Bringing Vincent from the 17th to the 21st century

by | May 20, 2015 | Formation, News

Celestino coverA new Spanish-language book “Vincent de Paul, a Heart to Excess. From Memory to Commitment” seeks to bring Vincent from the 17th to the 21st century.

The author affirms

What interests me is to highlight that Vincent de Paul is today more current and is more alive than ever… In short, I intend to remember who he was, what he did, why he did it, from where he did it, how he did it, with what consequences he did it… this Gascon peasant and good Samaritan who answers to the name of Vincent de Paul…

Second –and according to the subtitle- I wish that the “memory” of Vincent de Paul becomes a commitment, above all and especially for his followers, Vincentian men and women. If someone’s memory remains only in admiration and it does not go on to imitation and commitment, then it is not a genuine memory, it remains simply as a fleeting emotion or in the scenery of good will”.

For several years, we have been seeing a dramatic growth of the Vincentian literature. The figure of Saint Vincent de Paul has been studied, commented on and presented from the most diverse perspectives. We could say that there is no aspect left out about the “great saint of the great century”. We could even affirm that there is no reason for another book speaking about St. Vincent de Paul, of his thought, of his spirituality or of his evangelizing projects.

However, there is always place for a new and original book. This is the case of the book we are presenting: Vincent de Paul, a Heart to Excess. From Memory to Commitment. The book was written by Fr. Celestino Fernández, C. M., of the Province of Madrid, and published by La Milagrosa of the  Province of Madrid. This book is relatively new: it was published last autumn, and it is, in such a short time, already in its third edition.

We are, therefore, before a “different” book, mainly for its three aspects: for the approach it presents of Vincent de Paul’s figure, for the consequences and demands that it brings for the Vincentian Family, and for every Christian who wants to be committed to the building of the Kingdom of God for the poor, and for the language it uses.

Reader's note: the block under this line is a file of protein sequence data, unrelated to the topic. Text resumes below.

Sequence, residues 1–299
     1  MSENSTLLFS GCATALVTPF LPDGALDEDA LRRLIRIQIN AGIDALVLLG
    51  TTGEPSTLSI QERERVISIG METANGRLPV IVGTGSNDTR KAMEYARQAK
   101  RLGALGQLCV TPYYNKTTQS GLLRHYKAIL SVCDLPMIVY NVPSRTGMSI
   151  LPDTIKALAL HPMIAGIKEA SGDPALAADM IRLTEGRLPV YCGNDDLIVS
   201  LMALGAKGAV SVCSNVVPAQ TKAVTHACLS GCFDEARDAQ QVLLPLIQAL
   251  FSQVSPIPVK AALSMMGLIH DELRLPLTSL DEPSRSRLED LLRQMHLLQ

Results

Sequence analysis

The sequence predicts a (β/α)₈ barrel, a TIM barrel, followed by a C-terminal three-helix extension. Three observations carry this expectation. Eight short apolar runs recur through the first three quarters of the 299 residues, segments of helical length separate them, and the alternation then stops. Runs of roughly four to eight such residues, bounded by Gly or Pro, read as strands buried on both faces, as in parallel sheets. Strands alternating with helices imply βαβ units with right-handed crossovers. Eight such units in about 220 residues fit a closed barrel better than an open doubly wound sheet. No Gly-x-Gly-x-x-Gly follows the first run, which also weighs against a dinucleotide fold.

Certainly, this book is not a biography of the founder of the Congregation of the Mission and the Daughters of Charity. It is neither a systematic essay about the personality of the saint of charity. It is a passionate approach to the radical option of a “God seeker”, to the historical footprints of a “walker to the wind of the Spirit”, to the experience of an “open eyed” believer, and to the tenacity of an incorruptible fighter for the cause of the poor and the excluded. The first part of the book, entitled memory, perfectly reflects this intense and surprising path of Vincent de Paul, and how very present it is in the “poor and for the poor” Church that Pope Francis wants.

This book serves as sort of stimulus so that the Vincentian Family does not fall asleep on its past glories and revitalizes its being and mission. That is why, the second part is entitled commitment. That is to say, the book strongly underlines that if Vincent de Paul’s figure, spirituality, thinking, struggle and effort are completely modern; his followers have to make effective that modernity, have to go from the affectionate memory to the effective and real commitment.

To this effect, the author of the book indicates four unavoidable and basic commitments: the pastoral criteria and needs to carry out today and here charity and mission; the visibility and the need of the lay people being accurate to the letter and spirit of the II Vatican Council; the attention to a court which is characteristic of this 21st century: the social media, above all the cybernetic space of the Internet, a court which frightens us, but which has to be evangelized and from which we have to evangelize; the place where we have to put ourselves, the Vincentians, to be faithful to the legacy of the founder, a place which is in the peripheries and in the margins of society.

We must especially draw attention to the language this book has and which the author uses. The author honors his two vocations: the Vincentian one and the journalistic one. Two complementary vocations which are evident in the present book. Because, he has known how to speak about St Vincent with an agile, simple, direct language, to the point, without superfluous adornment, with the language spoken in the streets and in this time. In summary, he has known how to make St Vincent’s person and spirit available to daily life people. All this without losing the theological depth and the intellectual seriousness.

It is worthwhile to approach this book, and it is worthwhile to read it carefully, savouring each page. It is not a book only written for the members of the Vincentian Family, but for those who want to fight for a Church more incarnated in the poor and more servant of the poor, and who struggle in many ways for a more fraternal, fair and solidary world.

Adapted from NUNTIA of the Congregation of the Mission. Hopefully, it will be quickly translated into English.

See the full catalog of books (Catálogo Libros) published by La Milagrosa.

 

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